Green Lights May 26: Top stories this week
Don't miss a single story: The best from Callaway Climate Insights
. . . . Welcome to Green Lights, our weekly roundup of the best of Callaway Climate Insights. This week, we have the ultimate map for your summer road trip, a surprising list of the top emissions-cutting companies and what they have in common, and a tale of two very different annual general meetings. Plus, we analyze the real, if possibly disappointing, reason some ESG funds outperform. Here are the highlights in a simple and convenient format that makes it easy for our readers. It’s also easy to subscribe.
. . . . Memorial Day honors America’s military men and women who lost their lives in service to their country. The holiday is observed on the last Monday of May, which has become the traditional start of summer. We hope you have a safe and happy holiday weekend, and if you’re thinking of a road trip, good news: Gas prices are down a bit. And, above, a U.S. detail from a map showing the roads of the world. Primary roads are in white, secondary roads are in yellow and tertiary roads are in red. The global map shows 21.6 million km of road. See the full map at Visual Capitalist. Data source: Global patterns of current and future road infrastructure. @PythonMaps.
. . . . Did you know? Despite the controversy over proposed new rules to require public companies to report the carbon emissions of their supply chains and vendors, almost all of the U.S. companies making the most progress in reducing their carbon footprints are already doing it, David Callaway writes. These are not small companies. Some are the largest in the world. Wherever the legal battle over the SEC rules leads, the fact is that investors will increasingly expect their companies to report these emissions and the best ones will benefit from that.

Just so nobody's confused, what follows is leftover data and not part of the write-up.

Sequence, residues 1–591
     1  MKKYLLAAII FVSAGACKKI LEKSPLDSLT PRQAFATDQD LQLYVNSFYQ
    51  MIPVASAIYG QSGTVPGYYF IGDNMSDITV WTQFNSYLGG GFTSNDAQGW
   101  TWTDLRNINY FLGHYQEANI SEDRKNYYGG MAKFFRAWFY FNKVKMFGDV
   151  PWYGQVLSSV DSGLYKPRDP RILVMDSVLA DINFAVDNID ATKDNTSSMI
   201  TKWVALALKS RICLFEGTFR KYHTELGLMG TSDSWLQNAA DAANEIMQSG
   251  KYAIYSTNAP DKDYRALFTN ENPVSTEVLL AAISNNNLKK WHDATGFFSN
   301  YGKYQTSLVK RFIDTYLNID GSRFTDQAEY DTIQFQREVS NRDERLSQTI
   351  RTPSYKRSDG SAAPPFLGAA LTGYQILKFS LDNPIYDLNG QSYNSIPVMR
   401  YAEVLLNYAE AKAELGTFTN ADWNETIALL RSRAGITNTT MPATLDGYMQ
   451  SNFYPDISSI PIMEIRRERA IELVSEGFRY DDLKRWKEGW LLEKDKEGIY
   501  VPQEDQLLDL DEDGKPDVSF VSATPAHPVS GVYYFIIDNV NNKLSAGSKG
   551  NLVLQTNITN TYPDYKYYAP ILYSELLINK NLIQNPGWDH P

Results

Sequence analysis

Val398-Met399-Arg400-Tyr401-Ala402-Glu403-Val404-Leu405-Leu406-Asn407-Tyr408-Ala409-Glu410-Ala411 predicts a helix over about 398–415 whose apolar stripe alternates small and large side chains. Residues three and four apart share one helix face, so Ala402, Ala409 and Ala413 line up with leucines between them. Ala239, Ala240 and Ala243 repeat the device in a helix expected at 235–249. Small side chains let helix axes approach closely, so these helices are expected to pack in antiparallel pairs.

. . . . Environmental, social and governance (ESG) funds have long boasted outperformance over non-ESG funds, arguing that betting on companies that seek to do well will lead to higher profits. But Mark Hulbert has found a study that might explain the outperformance in a less satisfying way, and one that is sure to raise hackles at many fund companies.
. . . . Guest commentators Doug Woodring and Steve Russell argue next week’s UN plastics pollution conference is missing a bigger chance to solve this pressing environmental problem: Instead of stopgap solutions, the world needs to develop a circular plastic economy that will encourage reuse, trade and recycling of plastics to reduce waste and create market opportunities.
. . . . Speaking of not throwing things away, Matthew Diebel explains why he’s not letting go of his ‘04 Honda CR-V and why it still might take decades for EVs to achieve dominance in the U.S.
. . . . It’s a tale of two annual general meetings, where the drama at companies at the center of the ESG world was on full display this week. First up is BlackRock, which prevailed over shareholder activists, while Shell’s CEO had to be protected when protesters disrupted their yearly confab.
More greenery . . . .
What ‘The Simpsons’ taught ’90s kids about climate change: Lisa warned us.
A fake climate change theory is going viral on TikTok after Joe Rogan talked about it
How tiger conservation in India may be helping to mitigate climate change
It’s not about the money: Study quantifies the human price tag of global warming and who will be left out in the heat
From The Los Angeles Times: El Niño is back. What does that mean for an already overheated California?